Chapter 6: The Truth
His hands shook, despite the fact that the sticks in his hands weighed less than a ham sandwich.
Cuddy puttered along beside him, keeping her eyes peeled for anything larger than a twig as the sun blew a goodnight kiss to the glistening snow.
“You think I reduced his shoulder correctly?”
Wilson turned to her dumbly, taking a moment to figure out what she was talking about.
“Cuddy, I think everyone within a three mile radius heard that thing pop into place,” he said.
“Let’s hope so,” she said humorlessly.
Wilson chuckled almost inaudibly. Then, to reassure her, he said, “You twisted the humerus and it slid back in, end of story. Granted, there are less painful ways of doing it, but…”
“But,” she continued, “I wasn’t too concerned about causing House pain at the time.”
She flashed Wilson a devilish smile, which Wilson returned half-heartedly. “Plus, I think he would’ve noticed by now if you screwed up his shoulder,” he mused.
Wilson saw her brow furrow, remembering that he was talking to someone whose air of confidence was not nearly as genuine as she liked people to believe.
She shook her head. “You know he’d never mention it if it was bothering him, though.”
The words escaped her lips in a tone that didn’t quite reach suspicion, but somehow the comment had an importance to it that reached well beyond that of typical conversation.
Or maybe Wilson was imagining it. He felt like a six year-old caught in a lie he shouldn’t have told in the first place. Except, this wasn’t a petty theft from the local grocery store. This was his life, his health. He was risking his health by lying, but somehow he felt as if he’d be risking his life by telling the truth.
So Wilson did what six year-olds do best, and lied.
“Maybe…he doesn’t mention it because he knows it wouldn’t make a difference.”
Then, on her look, he frantically continued. “I mean, w-we can’t make him better out here, so maybe he keeps it to himself…for our sake, like he doesn’t want us to worry about him.”
Wilson wondered if any of that was even remotely true for House. Apparently, so did Cuddy.
“Wilson, how long have you known him? Since when has House ever done something for someone else’s sake?”
In actuality, Wilson thought he could remember numerous times where House had considered somebody else, namely Stacy. He put the toilet seat down, opened doors for her, and let her watch General Hospital until he himself was hooked.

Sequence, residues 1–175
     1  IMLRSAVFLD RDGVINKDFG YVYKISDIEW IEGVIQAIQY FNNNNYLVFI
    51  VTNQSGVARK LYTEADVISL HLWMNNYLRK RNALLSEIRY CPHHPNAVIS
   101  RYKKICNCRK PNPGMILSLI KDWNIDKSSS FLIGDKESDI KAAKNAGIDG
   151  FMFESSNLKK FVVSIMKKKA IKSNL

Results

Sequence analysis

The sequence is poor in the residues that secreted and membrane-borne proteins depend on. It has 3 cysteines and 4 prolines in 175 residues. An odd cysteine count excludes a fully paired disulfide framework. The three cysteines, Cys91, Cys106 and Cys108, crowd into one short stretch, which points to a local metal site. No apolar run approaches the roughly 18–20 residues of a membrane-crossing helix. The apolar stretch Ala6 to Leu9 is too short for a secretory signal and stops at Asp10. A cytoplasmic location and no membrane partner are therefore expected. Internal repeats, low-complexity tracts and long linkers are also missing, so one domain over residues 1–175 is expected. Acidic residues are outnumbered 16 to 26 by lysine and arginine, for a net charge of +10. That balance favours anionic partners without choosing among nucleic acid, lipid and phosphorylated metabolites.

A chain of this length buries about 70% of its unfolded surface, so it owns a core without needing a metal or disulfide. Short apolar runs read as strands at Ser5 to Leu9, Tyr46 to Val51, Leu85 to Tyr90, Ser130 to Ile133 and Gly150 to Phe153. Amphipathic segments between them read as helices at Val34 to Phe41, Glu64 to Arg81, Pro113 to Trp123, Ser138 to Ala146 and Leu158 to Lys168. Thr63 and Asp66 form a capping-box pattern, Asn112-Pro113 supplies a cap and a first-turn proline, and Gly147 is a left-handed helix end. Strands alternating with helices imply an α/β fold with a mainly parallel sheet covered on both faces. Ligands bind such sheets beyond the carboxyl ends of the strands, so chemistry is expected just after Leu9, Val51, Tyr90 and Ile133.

There was one time House only thought of himself, of his life, and his leg. That's when things started to go bad.
But for simplicity’s sake, Wilson thought of something recent. “This trip,” he said. “House didn’t need that gift card; he can buy a new guitar any time he wants, but he came anyways.”
Cuddy’s lips grew thin as she considered it.
“I think after a few more sticks we should head back to the car,” she said quietly.
“Does that hurt?”
House took his hand off of Chase’s knee and looked him in the eye. “Save your displays of manliness for the rugby field. Right now, I just want to know if it hurts.”
Chase’s eyes softened a bit as he said, “Yeah, it hurts.”
House revised his squat to a clumsy sit while he got a closer look at Chase’s leg. “Hold still,” he said.
For some reason, Chase founds these words less than comforting.
House began straightening out Chase’s leg, weakly pushing in Chase’s foot with his right hand while feeling around for any causalities up by his knee with his less useless left hand. House couldn’t help the twitches of amazement on his face as he watched the joint move in ways you wouldn’t expect to see on Gumby…let alone a living person.
It took him a minute to realize that the “Ow ow ow please stop” was coming from Chase.
House put his leg down and snorted, “How are ever going to play rugby if you can’t suck it up and act like a man, Chase?”
Chase glared, rubbing his knee.
“Well,” said House, leaning back into the snow, “your ACL’s definitely torn, as is your meniscus…not to mention that your leg is hairier and creepier than a Furby.”
“Thanks for the reassurance.”
“You’re welcome. Now hand me that roll of duct tape.”
Chase looked confusedly at the roll of duct tape that had been tossed carelessly in the snow next to him, along with a First Aid kit containing only gloves and Band-Aids, Cuddy’s purse, a flimsy pair of kids scissors, a stray tampon or two from Cuddy’s purse, a bag of Fritos, Angels and Demons (which was actually Harry Potter), an empty Sprite bottle, a spare coat that obviously was the product of Wilson’s borderline OCD, a plastic knife and fork, a cracked PSP, and a Gravedigger hat.